This Week’s Gear Review: OR Zealot Spreads Religion

Post by blogger | September 25, 2007      

We’re heaping up the gear for this winter’s backcountry skiing adventures, so here is our weekly equipment review (back to our “10 Things” tomorrow). Big test these days is comparo of Delorme Topo USA and National Geo Topo!, but that one is taking a while, groan. In the meantime, some interesting clothing has been flying in from Outdoor Research. In particular, their Zealot shell jacket has us buzzing. Is this the solution to our nearly religious quest for the low mass shell appropriate for wear over a softshell parka? Perhaps it is — as this thing is so light that cutting the labels out actually makes a difference.

Outdoor Research Zealot Jacket for backcountry skiing.
OR Zealot

Our idea with jackets such as the Zealot is they’re something almost always stowed in our packs, and used on rare occasions when our soft shell jackets don’t cut it. To that end it’s got to be simple, super light, but still waterproof. Made with the Gore-Tex Paclite minimalist waterproof/breathable fabric, Zealot fits the bill at 7.7 ounces (220 gr). With fabric this thin it’s not going to function as body armor for tree skiing, but it’s still strong enough to be functional — any thinner would be problematic.

The hood works and even fits over a helmet (though it’s thin enough to wear under a helmet, and perhaps more comfortable that way). The only pocket is a small slash on the front, and that’s how it should be; who wants to haul the weight of fabric for pockets that might never get used? Only disappointment is our usual gripe about the hood not stowing in a way that functions as a collar, but with this shell’s Northwest heritage one must assume the hood is probably designed to be used. Come to think of it, if our use is for extreme conditions that principle probably applies to us as well.

In all, thumbs up for the Zealot being a terrific emergency top-layer for your favorite soft shell jacket.

Shop for Men’s Zealot Jacket (now called the Helium) here.

Jacket tags
Definition of light: Remove all the tags and feel a difference.



6 Responses to “This Week’s Gear Review: OR Zealot Spreads Religion”

  1. Tony September 25th, 2007 10:12 am

    Lou, what sort of cuff does the Zealot have? I have a similar Patagonia shell from a few years ago with elastic cuffs, which can only fit under the gauntlet of my gloves. In a heavy sleet storm on Ranier, the rain ran down my sleeves into my gloves, obviating their waterproof qualities.

    Does the Zealot have velcro cuffs? Would that solve the problem I describe above?

  2. Ron E September 25th, 2007 10:16 am

    I’ve been using the Zealot for the past year and have been extremely happy with it. Yes, it stays in my pack most of the time, but its light weight and small packed size means it’s an easy decision to pack it rather than leave it at home. The OR Celestial pants, made of the same material, are also in my pack (7.8 oz./221 g for size L). That gives you complete hard shell protection, when required, at less than one pound. When I’ve needed to use these shells, they have performed admirably.

    OR seems to be paying a lot of attention to making clean, light, functional and affordable clothing right now. You may want to check out their soft shells and puffy jackets (this year’s new Fraction even has a hood) as well.

  3. Tom G September 25th, 2007 10:24 am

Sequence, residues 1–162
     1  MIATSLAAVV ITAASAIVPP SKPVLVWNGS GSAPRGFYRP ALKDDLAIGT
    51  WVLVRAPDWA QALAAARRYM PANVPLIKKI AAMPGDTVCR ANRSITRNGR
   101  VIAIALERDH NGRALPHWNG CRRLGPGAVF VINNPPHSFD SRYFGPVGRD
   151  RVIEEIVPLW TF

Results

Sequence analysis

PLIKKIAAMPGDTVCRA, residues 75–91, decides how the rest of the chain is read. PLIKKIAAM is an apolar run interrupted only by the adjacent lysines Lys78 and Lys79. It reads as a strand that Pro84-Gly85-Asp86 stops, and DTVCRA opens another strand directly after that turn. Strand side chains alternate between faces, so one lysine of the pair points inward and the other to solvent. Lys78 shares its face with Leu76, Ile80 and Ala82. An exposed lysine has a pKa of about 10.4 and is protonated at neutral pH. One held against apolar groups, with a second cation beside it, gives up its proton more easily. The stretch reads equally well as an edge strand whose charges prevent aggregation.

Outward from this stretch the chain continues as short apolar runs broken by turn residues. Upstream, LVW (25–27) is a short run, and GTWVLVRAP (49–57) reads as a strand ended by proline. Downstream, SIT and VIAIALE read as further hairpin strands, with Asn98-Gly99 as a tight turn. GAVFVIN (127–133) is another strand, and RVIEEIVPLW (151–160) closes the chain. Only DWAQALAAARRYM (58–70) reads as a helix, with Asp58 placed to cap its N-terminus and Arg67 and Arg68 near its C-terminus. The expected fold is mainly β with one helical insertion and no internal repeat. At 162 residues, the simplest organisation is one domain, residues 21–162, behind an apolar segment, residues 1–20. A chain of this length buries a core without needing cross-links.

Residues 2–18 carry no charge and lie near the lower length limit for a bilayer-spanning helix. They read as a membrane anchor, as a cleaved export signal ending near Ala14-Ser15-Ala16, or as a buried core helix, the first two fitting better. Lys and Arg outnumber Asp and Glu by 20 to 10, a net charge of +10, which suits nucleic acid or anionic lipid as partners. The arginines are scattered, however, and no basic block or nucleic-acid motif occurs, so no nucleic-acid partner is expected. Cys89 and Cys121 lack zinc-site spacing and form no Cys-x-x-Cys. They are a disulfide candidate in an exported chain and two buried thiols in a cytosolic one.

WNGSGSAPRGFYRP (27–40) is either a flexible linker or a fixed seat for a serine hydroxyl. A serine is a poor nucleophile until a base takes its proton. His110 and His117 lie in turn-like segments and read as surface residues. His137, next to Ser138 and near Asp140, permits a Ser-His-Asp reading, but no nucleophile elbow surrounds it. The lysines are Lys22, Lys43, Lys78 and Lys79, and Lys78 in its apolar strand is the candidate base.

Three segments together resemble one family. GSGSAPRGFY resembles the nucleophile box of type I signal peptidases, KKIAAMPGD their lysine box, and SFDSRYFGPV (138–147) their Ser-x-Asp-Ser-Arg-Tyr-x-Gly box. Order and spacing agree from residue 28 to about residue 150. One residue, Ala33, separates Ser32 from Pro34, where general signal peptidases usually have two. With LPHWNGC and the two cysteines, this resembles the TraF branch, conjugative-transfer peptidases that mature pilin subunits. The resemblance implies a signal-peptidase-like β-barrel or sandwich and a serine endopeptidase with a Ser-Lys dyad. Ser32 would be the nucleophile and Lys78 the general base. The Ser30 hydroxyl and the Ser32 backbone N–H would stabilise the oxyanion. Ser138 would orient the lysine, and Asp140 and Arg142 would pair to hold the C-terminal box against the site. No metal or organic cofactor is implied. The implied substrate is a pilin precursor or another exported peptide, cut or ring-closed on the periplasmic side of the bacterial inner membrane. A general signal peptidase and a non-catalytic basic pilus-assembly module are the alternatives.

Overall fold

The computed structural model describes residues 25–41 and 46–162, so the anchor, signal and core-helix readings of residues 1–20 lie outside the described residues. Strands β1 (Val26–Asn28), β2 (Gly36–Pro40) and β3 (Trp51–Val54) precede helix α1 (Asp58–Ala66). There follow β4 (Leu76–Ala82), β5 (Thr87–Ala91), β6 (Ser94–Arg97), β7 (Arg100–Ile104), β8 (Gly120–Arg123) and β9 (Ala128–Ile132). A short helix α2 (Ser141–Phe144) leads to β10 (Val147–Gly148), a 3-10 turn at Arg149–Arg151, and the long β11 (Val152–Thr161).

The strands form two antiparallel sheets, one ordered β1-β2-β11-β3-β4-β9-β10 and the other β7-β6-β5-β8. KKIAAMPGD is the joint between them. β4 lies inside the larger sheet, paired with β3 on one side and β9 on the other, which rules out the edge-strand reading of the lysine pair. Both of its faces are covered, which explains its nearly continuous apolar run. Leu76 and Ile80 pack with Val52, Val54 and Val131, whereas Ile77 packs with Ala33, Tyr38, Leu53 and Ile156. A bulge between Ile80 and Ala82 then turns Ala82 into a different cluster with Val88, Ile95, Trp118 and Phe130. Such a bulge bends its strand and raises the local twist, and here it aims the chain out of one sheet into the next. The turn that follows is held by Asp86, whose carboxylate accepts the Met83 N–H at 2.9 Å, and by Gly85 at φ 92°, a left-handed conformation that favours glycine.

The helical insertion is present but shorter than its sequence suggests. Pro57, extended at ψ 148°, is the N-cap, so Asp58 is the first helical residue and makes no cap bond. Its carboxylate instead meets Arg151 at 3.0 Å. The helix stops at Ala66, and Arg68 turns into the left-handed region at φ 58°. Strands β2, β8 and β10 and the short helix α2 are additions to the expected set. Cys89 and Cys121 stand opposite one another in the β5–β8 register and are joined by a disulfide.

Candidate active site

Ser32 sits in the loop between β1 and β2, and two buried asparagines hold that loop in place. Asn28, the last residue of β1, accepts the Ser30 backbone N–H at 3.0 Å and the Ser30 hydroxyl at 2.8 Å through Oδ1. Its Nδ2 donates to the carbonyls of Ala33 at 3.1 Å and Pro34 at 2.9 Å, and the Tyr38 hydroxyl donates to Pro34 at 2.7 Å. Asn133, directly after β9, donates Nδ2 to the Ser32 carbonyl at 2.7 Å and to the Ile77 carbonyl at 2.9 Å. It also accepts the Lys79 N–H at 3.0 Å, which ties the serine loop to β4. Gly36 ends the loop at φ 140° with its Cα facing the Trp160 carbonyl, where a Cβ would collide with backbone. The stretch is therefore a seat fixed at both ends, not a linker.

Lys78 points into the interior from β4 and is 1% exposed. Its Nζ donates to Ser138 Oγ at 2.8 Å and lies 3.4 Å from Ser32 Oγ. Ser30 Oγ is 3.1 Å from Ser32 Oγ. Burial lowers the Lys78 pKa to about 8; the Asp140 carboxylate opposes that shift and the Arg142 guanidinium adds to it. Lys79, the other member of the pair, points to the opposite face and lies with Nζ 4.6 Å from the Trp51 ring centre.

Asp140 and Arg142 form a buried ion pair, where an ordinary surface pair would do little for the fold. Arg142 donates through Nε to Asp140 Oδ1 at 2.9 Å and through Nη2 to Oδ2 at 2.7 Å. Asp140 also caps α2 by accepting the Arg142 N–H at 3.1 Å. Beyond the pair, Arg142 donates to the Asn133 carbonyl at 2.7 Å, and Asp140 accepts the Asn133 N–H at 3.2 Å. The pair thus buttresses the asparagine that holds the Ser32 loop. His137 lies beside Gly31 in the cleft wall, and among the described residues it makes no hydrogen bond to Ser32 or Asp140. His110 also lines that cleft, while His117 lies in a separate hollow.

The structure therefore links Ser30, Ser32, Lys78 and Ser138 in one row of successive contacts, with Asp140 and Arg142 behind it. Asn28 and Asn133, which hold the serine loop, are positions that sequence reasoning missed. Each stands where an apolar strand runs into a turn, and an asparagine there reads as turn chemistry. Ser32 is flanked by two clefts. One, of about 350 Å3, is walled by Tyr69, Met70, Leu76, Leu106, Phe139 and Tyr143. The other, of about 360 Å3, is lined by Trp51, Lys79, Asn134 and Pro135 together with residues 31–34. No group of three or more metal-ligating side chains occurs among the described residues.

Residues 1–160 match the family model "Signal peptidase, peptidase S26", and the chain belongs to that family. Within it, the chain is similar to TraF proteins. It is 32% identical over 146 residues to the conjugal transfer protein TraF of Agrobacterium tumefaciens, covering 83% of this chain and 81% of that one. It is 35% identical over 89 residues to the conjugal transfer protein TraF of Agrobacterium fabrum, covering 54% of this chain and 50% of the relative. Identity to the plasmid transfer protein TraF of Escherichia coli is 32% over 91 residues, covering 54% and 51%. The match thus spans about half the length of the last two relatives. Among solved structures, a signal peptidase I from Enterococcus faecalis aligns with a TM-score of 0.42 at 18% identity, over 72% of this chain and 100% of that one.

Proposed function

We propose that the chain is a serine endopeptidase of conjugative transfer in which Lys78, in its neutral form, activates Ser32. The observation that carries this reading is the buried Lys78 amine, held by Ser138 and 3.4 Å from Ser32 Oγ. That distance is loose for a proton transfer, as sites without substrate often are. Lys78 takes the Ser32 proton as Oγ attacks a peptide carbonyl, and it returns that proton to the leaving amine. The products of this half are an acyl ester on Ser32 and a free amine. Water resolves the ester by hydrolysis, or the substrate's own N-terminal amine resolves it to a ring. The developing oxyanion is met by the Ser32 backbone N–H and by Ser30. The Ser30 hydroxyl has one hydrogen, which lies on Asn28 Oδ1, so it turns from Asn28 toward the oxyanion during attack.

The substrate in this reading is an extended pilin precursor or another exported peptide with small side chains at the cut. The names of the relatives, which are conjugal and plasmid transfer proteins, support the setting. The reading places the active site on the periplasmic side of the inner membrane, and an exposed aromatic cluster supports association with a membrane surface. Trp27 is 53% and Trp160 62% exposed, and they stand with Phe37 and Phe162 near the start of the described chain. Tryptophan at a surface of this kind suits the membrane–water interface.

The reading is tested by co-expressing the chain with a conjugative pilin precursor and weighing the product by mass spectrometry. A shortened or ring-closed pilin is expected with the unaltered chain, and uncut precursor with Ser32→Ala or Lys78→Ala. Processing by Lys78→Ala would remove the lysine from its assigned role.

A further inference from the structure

Lou, one problem I always find with superlight jackets of this type is that the maker often cuts weight by triming the fit really close. This is fine if you are going to wear the jacket while moving fast and you don’t need many layers, but it’s a problem in a real emergency situation where you need a storm shell over maybe a down jacket. You can probably mitigate this by purchasing a size larger, or with a heavier waterproof insulation layer, but it would be nice if the clothing manufactures would make a hard shell that really functions with a soft shell system for limited emergency use.

  4. Ron E September 25th, 2007 10:38 am

    I usually wear size L and have found that the OR Zealot L allows me to easily wear it over my softshell (or even a light puffy coat if the weather gets really nasty, although this is a bit of a tight fit). My experience is that the Zealot has ample room for layering/ease of movement without being boxy.

  5. Lou September 25th, 2007 12:44 pm

    Good points you guys.

    I tested Zealot yesterday by taking a long walk in a drizzle with it over a puff jacket and it had plenty of room. The cuffs are indeed simple elastic, but the sleeves are long enough and the cuffs stretch out enough to pull them over the glove gauntlet.

    They couldn’t make a jacket this light and still have things like Velcro cuffs. Perhaps nearly as light, but not this light…

    This thing is impressive, but I wouldn’t make it my primary winter hardshell, though I’d use it for my backpacking rain shell in places like Wind Rivers or Colorado Rockies.

  6. Ian Fleming March 25th, 2008 8:34 pm

    Great Blog! Really enjoyed the last post, full of handy tips and interesting comments!

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Welcome to Louis (Lou) Dawson's backcountry skiing information & opinion website. Lou's passion for the past 50 years has been alpinism, climbing, mountaineering and skiing -- along with all manner of outdoor recreation. He has authored numerous books and articles about ski touring and is well known as the first person to ski down all 54 of Colorado's 14,000-foot peaks, otherwise known as the Fourteeners! Books and free ski touring news and information here.

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